Guidance has been published by the ICO offering clarification on various aspects of Data Subject Access Requests (DSAR). As DSARs become more commonplace in employment litigation, this additional clarity is welcome.
The guidance addresses three key areas:
- What amounts to a ‘manifestly excessive’ DSAR? The ICO advises employers to assess whether the response required is proportionate when balanced with the burden or costs involved; the employer should consider the context of the request, the nature of information requested and the potential damage to the employee if the DSAR is not complied with.
- Charging a ‘reasonable fee’ for dealing with manifestly excessive, unfounded or repeat DSARs. The ICO states that a reasonable fee may include administrative time and cost (e.g. photocopying, printing and postage) and can include time spent communicating with the employee.
- Stopping the clock for clarification of DSARs. The ICO’s position is that if a clarification is genuinely required, the 30 day time limit for compliance with DSARs may be stopped and restarted while organisations are waiting for an individual to provide clarification.
The Restriction of Public Sector Exit Payments Regulations 2020 (Regulations) came into force on 4 November 2020 introducing a cap of £95,000 on the total pre-tax value of public sector exit payments. The cap will apply to the value of exit payments made to the vast majority of public sector employees. If an exit occurs on or after 4 November 2020 then the cap will apply, even if the terms were agreed beforehand. For public sector employers that have planned exits, or have exit discussions currently in progress, the timing of this cap creates uncertainty.
The £95,000 cap will include redundancy payments, pension strain costs, severance or ex gratia sums, payments under an ACAS negotiated settlement, payments in the form of shares or share options and payments in lieu of notice that exceed one-quarter of the individual’s annual salary. Payments specifically excluded from the cap are those in respect of death in service or as a result of incapacity, payments in lieu of notice not exceeding one-quarter of the individual’s salary, payments in compliance with a court or tribunal award and payment in lieu of accrued but untaken holiday.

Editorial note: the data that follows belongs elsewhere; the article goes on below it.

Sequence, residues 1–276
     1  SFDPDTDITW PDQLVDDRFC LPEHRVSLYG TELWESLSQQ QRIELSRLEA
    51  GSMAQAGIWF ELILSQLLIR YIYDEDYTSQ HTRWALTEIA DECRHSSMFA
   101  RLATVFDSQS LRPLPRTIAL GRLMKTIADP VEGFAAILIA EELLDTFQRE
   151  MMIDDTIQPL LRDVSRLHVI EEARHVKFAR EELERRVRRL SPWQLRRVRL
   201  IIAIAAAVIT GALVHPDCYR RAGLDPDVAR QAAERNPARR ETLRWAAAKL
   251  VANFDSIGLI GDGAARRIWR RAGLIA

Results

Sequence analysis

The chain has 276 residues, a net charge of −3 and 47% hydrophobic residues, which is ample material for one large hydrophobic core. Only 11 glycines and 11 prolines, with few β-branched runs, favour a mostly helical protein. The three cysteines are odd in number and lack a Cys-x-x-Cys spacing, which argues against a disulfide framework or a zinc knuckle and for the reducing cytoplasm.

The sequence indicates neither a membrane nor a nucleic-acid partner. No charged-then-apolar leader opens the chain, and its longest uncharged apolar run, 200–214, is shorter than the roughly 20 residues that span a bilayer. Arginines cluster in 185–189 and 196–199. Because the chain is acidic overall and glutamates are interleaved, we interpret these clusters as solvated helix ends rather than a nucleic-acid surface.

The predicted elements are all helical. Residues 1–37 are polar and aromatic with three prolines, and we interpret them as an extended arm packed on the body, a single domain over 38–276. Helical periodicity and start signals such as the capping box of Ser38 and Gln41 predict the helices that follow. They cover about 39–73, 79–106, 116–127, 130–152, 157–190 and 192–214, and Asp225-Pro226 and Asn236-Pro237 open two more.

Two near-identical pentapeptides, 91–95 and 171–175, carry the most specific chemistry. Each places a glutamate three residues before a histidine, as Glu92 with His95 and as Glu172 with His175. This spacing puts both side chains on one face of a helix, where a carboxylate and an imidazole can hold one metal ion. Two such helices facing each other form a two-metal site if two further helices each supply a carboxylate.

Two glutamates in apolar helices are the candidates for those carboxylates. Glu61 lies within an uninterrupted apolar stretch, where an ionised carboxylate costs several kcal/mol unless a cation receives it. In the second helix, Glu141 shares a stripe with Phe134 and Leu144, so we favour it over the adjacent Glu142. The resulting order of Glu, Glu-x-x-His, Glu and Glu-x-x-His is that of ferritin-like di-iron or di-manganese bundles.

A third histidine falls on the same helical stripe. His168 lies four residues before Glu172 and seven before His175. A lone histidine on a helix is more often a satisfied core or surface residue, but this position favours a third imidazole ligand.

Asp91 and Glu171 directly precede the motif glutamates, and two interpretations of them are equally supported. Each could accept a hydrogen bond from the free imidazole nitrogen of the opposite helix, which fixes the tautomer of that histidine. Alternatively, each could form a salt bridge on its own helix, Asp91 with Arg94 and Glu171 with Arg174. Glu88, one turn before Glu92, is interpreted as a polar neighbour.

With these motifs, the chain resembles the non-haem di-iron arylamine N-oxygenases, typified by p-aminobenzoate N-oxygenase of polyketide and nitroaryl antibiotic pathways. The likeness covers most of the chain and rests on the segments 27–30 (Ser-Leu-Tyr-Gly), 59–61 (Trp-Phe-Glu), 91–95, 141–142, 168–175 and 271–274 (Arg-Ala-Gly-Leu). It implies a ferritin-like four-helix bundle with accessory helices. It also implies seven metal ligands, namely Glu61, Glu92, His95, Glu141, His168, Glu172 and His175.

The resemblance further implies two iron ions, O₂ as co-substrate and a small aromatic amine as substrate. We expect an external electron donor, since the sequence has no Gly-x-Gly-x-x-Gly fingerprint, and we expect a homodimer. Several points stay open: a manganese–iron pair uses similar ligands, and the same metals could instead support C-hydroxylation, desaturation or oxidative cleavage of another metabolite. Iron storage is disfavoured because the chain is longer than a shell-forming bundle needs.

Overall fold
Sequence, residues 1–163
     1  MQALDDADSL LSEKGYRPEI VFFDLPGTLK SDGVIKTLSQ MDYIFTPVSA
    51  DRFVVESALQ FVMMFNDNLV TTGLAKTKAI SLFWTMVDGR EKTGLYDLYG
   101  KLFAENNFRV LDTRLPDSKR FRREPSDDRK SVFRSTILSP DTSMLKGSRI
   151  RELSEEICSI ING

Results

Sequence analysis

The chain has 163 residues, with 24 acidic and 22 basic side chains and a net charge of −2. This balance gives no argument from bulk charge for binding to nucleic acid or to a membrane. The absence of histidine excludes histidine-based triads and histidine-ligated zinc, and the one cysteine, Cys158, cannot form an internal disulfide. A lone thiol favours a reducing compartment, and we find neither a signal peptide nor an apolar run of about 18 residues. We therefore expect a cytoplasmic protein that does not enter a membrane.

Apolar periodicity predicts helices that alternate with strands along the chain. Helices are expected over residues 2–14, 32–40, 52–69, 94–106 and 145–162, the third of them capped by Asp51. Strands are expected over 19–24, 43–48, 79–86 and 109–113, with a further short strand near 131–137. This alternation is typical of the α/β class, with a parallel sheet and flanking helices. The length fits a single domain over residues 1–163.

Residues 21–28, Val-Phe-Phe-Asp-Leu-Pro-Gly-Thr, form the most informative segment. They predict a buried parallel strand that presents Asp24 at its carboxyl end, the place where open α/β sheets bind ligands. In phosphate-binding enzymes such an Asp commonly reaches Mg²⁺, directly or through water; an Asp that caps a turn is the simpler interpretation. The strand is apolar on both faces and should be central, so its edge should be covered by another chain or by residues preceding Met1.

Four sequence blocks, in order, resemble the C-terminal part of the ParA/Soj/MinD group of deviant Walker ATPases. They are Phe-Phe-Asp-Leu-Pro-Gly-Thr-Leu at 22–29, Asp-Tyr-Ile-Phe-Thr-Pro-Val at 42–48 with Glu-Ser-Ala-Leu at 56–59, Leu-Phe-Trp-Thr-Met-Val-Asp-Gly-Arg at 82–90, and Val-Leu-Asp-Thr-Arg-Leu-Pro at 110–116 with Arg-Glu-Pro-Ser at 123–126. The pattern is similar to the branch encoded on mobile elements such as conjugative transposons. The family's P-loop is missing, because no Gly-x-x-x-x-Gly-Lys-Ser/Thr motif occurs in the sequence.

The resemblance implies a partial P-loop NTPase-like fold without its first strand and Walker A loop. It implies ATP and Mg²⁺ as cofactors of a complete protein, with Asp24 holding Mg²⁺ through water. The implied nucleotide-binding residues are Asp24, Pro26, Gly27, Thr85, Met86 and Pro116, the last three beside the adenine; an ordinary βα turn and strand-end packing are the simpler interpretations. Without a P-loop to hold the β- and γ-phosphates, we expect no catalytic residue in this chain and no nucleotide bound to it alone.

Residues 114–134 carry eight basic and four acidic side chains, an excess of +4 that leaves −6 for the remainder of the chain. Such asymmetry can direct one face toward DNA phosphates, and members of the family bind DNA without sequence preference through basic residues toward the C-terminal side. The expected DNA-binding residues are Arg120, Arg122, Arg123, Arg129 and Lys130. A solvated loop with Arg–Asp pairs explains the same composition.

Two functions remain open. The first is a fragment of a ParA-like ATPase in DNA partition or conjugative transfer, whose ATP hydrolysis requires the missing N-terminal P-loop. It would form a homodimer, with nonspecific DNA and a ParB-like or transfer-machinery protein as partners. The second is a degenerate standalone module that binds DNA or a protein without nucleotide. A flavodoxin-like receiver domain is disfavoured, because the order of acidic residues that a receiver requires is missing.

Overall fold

The Regulations do provide for the cap to be relaxed in certain exceptional circumstances, for example there is a mandatory exemption where the obligation to make the exit payment arises as a result of a TUPE transfer or in cases of discrimination or whistleblowing. The final Treasury direction and guidance were published on 30 October 2020 and clarify the scope of the exemptions and exclusions.
The Statement of Changes to the Immigration Rules were published on 22 October 2020. The changes are a substantial overhaul of the current system with many of the changes take effect from 1 December 2020. The Rules introduce a new Skilled Worker route which opens on 1 December 2020 and replaces Tier 2 of the Points Based System. The new system will apply to the recruitment of European nationals arriving in the UK on or after 1 January 2021, as well as all other overseas nationals. For more information on the new Skilled Worker route or advice relating to the impact of the upcoming changes to the immigration rules on your business, please contact our Business Immigration team.
The content of this page is a summary of the law in force at the date of publication and is not exhaustive, nor does it contain definitive advice. Specialist legal advice should be sought in relation to any queries that may arise.